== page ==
Caspases are cysteine proteases that cleave aspartic residues in target proteins. The are produced as inactive proteases calles "zymogens" and are activated both during necrotic and apoptotic cell death. Apoptotic caspases are classified as initiator caspases or effector caspases. Their activation triggers apoptotic caspase cascades that are tightly regulated. Once activated, they proteolytically cleave a large range of celular targets leading to cell death. Caspase mediated proteolysis is also present in necrotic cell death.

Lysosomal proteases

  • Cathepsins

--Gurkiran Flora 20:48, 17 May 2009 (EST)

Patterns of Necrosis

As a result of necrotic cell death, the affected tissues or organs display morphological changes. Based on this morphology, necrosis can be categorized into several distinct types or patterns. Such types, when observed at both the gross and microscopic level, can provide pathologists and clinicians with clues about its underlying cause.

Coagulative necrosis

Figure 1: Coagulative necrosis in the liver

Coagulative necrosis is the most common pattern of necrosis occurring in tissues or organs. Its morphological pattern is primarily a consequence of protein degradation frequently caused by ischemia where lack of oxygen causes cell death in a localized area. Coagulative necrosis can occur in all tissues, except the brain (liquefactive necrosis is the pattern observed here) and is characteristic of infarcts in solid organs, for example a myocardial infarction in the heart or a renal infarct in the kidney.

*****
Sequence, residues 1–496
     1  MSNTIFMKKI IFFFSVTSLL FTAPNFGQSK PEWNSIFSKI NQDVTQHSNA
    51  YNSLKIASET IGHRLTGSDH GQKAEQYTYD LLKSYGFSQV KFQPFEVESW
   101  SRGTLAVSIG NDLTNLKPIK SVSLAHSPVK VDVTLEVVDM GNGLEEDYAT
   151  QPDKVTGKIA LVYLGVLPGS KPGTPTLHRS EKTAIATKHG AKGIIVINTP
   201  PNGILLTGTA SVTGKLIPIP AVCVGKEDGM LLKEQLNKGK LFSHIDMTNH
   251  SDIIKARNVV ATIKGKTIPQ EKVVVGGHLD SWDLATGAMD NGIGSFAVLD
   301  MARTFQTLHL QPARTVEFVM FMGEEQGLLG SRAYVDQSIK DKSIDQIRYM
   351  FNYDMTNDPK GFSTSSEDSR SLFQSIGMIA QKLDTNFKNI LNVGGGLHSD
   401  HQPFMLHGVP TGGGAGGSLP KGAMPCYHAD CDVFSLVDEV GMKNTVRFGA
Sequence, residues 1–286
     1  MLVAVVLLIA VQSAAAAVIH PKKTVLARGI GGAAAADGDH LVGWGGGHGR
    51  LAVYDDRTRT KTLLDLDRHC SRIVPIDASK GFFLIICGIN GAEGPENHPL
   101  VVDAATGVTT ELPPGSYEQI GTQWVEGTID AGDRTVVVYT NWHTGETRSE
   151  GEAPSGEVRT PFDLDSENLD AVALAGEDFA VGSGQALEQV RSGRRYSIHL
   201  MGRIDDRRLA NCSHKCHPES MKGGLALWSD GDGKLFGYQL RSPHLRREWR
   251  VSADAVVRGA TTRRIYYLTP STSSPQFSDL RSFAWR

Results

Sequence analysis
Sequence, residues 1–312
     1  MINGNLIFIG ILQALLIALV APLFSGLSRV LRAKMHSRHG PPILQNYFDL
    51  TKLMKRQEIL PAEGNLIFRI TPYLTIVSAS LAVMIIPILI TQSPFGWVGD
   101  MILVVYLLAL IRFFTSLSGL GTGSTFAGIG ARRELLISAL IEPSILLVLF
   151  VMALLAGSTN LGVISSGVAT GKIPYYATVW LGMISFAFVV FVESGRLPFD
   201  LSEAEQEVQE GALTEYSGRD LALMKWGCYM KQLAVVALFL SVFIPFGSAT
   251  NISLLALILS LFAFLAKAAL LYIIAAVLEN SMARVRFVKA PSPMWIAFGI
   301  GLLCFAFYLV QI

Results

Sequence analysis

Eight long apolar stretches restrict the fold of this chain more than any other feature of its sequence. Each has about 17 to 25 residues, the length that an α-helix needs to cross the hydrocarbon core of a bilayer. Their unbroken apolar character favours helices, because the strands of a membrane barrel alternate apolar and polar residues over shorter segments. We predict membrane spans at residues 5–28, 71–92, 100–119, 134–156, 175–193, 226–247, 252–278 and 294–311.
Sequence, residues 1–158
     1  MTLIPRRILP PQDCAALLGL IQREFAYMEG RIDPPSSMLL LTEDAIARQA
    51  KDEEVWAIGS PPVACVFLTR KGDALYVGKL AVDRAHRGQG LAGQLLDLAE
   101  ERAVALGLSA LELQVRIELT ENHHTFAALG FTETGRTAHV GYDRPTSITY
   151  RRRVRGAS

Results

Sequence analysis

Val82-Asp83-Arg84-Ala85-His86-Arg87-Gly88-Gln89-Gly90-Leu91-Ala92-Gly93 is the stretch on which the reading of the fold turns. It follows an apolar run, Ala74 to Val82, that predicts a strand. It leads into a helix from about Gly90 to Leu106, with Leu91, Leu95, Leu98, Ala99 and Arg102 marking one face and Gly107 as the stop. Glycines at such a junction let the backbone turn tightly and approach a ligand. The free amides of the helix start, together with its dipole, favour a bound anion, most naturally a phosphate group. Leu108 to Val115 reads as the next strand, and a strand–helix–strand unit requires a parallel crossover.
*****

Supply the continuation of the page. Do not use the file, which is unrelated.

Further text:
The gross morphology of an area of coagulative necrosis is observed as being a pale yellow-whitish colour with diminished transparency compared to the surrounding non-affected areas which have a good vascular supply. Initially foci may be swollen due to an inflammatory response elicited by the necrotic cells which release inflammatory factors such as cytokines and interleukin-2. Later the tissue becomes very firm.

When observed under a light microscope, the microscopic morphology of coagulative necrosis shows that despite the cells are dead and anucleate their basic cell shape, or ‘ghost’ outline (a term commonly used to describe their appearance), remains preserved for several days. An acute inflammatory response develops and this too is observable under the microscope with an influx of phagocytic leukocytes such as macrophages which remove the necrotic cells.

Provided there is an adequate amount of labile cells around the affected tissue, regeneration of this tissue can occur. Labile cells which are constantly dividing can replicate and replace the cells that were killed to restore the tissue back to normal. This is in contrast to stable or permanent cells (eg cardiac myocytes) which are not constantly replicating and so will not replace the affected tissue. Healing by fibrosis therefore follows, first with granulation tissue which is eventually replaced by fibrosis after a few months. During this time, fibroblasts can be microscopically observed in the affected tissue and the fibrosis is attributable to the firm gross appearance observed on the organ.

Thus the end result of this necrosis is a whitish-yellow area of firm tissue and a histological structure barely recognizable to the original.